It wasn’t long into their relationship that her “I” key stopped working. She started typing things like: “want to have sex” and “like beer & cheese.” He took from these what he could and thought how lucky am I? I found someone who gives and gives and gives. Selfishness is not a trait he likes.
They wrote about their frustrations with jobs, friends, parents. He asked about her hair. Had she ever cut it? She asked about his roommate. Favorite meals. Her: takeout Thai. Him: homemade gnocchi. It’s so easy, anyone can do it. She mentioned she had a window herb garden but didn’t like to cook. He scoffed, but he didn’t tell her he thought this was ridiculous. He talked about his recent case; he was an attorney. He began to type “tho” instead of “though” and “U” instead of “you,” as if the effort for him to acknowledge who he was addressing was too much.
Like a piano with dead keys, it was beautiful until it wasn’t. She saw the problem, of course, acknowledged it within herself, but didn’t want to say anything. She couldn’t afford a new computer and didn’t see how she could replace the keyboard alone. All her letters, her words, slowly lost their meaning. M and E were the next to go. And soon he read her missives as that of a passive woman. In theory he didn’t like this, but in reality, as he stared into his screen, his own face vaguely reflected back at him, he thought that this was, in fact, the way it should be.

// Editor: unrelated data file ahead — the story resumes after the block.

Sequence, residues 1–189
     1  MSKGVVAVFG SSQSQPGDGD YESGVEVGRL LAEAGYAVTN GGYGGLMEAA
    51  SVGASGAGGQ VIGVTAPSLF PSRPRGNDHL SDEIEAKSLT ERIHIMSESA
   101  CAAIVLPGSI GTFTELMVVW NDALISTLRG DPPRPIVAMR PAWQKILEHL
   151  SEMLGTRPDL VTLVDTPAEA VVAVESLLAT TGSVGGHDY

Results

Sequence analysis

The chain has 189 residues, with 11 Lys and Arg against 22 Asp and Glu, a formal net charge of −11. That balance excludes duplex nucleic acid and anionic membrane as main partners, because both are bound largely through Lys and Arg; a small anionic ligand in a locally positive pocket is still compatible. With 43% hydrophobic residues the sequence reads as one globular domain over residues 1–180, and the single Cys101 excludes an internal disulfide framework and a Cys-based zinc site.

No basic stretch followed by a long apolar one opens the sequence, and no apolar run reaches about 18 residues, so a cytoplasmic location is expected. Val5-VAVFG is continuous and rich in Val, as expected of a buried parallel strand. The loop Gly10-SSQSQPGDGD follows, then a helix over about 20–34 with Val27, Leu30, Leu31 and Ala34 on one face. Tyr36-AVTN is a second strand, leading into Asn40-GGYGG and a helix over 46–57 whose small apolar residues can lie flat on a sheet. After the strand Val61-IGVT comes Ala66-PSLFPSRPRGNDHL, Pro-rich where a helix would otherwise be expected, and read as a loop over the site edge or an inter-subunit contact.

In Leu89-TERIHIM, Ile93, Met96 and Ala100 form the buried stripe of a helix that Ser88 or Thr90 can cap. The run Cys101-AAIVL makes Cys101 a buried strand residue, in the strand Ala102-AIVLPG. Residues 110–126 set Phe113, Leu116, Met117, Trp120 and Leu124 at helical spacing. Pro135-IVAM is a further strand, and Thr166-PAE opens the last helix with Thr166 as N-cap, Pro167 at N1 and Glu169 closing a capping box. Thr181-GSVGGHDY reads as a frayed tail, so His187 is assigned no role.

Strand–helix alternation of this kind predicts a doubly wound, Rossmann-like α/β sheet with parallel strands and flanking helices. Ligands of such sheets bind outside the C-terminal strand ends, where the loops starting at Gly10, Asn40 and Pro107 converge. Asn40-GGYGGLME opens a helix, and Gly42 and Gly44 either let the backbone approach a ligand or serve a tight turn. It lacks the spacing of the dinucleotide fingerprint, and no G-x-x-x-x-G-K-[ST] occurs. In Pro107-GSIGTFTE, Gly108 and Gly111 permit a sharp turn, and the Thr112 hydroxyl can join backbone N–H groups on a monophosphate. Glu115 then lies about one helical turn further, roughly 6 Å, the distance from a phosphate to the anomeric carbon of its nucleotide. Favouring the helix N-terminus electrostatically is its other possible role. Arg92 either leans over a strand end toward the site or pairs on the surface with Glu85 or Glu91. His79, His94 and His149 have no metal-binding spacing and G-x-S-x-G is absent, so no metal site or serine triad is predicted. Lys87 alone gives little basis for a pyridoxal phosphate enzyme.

She typed and typed, late at night, at work, on the train to and from, and she wasn’t being any more understood no matter how much effort she put into explanations. Her friends said ditch him and swipe left babe, though that wasn’t the kind of app she’d found him on. He responded between the hours of nine and eleven at night.
Eventually he wrote “we are going to meet IRL.”
She typed, ok! Deleted it.
He saw three bubbles.
She typed “what do you want to do?” Delete.
The bubbles disappeared.
She listened to the hissing of the heater in her little apartment, something she associated both with warmth and danger. She had learned how to avoid the radiator during the winter, one burn too many had left a scar on her forearm that still throbbed.
He typed: “Girl please.”
Girl?, she thought.
“What was all this for then?,”
She typed an angry mash of letters. “Tnwfuwifnwijjufhrvrf.” Delete.
The bubbles reappeared. Disappeared again.
He typed did I do something to offend you? and don’t say you’re that kind of woman.
That knd? She cursed her lack of an “I.” She dragged her cursor to the Log Out icon. Hovered there. Clicked My Account instead, clicked and clicked and clicked until she finally found, hidden amidst a throng of text, Cancel My Account.
A pop-up box: Are you sure?